Such is the treatment prisoners experience before they are tried ; - and yet there is an old saying, that every one must be deemed innocent until he be proved guilty. The old saying is a detestable mockery.  Of course Markham determined upon paying for his own food; and when Whittingham called in the morning, he was sent to make the necessary arrangements with the coffee-house keeper in the Old Bailey who enjoyed the monopoly of supplying that compartment of the prison.
    The most painful ordeal which Richard had to undergo during his captivity in Newgate, was his first interview with Mr. Monroe. This gentleman was profoundly affected at the situation of his youthful ward, though not for one moment did he doubt his innocence.
    And here let us mention another revolting humiliation, and unnecessary cruelty to which the untried prisoner is compelled to submit. In each yard is a small enclosure, or cage, of thick iron bars, covered with wire-work; and beyond this fence, at a distance of about two feet, is another row of bars similarly interwoven with wire. The visitor is compelled to stand in this cage to converse with his relative or friend, who is separated from him by the two gratings. All private discourse is consequently impossible.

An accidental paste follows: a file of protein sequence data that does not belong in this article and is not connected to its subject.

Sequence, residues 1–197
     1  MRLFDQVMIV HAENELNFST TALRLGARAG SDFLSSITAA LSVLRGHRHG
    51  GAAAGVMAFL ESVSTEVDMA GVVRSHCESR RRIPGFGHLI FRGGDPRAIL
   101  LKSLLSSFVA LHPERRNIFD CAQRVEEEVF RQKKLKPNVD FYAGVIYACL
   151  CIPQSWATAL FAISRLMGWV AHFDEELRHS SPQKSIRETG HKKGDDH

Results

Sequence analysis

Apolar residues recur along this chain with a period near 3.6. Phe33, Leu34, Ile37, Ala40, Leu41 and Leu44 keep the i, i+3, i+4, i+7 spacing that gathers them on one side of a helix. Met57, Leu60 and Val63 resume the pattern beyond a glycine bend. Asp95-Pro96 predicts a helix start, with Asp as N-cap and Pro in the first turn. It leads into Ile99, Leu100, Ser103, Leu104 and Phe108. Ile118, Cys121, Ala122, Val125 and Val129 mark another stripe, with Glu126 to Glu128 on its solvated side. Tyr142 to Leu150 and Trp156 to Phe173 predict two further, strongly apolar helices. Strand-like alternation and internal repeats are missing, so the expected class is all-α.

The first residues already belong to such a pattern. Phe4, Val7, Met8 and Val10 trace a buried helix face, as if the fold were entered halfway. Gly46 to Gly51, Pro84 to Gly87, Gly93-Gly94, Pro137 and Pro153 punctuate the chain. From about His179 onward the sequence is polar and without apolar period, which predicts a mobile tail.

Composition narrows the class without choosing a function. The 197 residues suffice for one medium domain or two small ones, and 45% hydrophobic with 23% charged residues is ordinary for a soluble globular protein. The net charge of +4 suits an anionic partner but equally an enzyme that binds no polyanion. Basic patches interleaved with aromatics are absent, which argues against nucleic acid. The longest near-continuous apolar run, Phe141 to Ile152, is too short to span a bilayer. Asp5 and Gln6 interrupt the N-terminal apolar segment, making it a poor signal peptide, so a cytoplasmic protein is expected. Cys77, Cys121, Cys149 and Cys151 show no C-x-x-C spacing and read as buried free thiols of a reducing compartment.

What can recompense the prisoner who is acquitted, for all the mortifications, insults, indignities, and privations he has undergone in Newgate previous to that trial which triumphantly proclaims his innocence?
    Relative to the interview between Markham and Monroe, all that it is necessary to state is that the young man's guardian promised to adopt all possible means to prove his innocence, and spare no expense in securing the most intelligent and influential legal assistance. Mr. Monroe moreover intimated his intention of removing the case from the hands of Mac Chizzle to those of a well-known and highly respectable solicitor. Richard declared that he left himself entirely in his guardian's hands, and expressed his deep gratitude for the interest thus demonstrated by that gentleman in his behalf.
    Thus terminated the first interview in Newgate between Markham and his late father's confidential friend.
    He felt somewhat relieved by this visit, and entertained strong hopes of being enabled to prove his innocence upon the day of trial.
    But it then wanted a whole month to the next sessions - thirty horrible days which he would be compelled to pass in Newgate!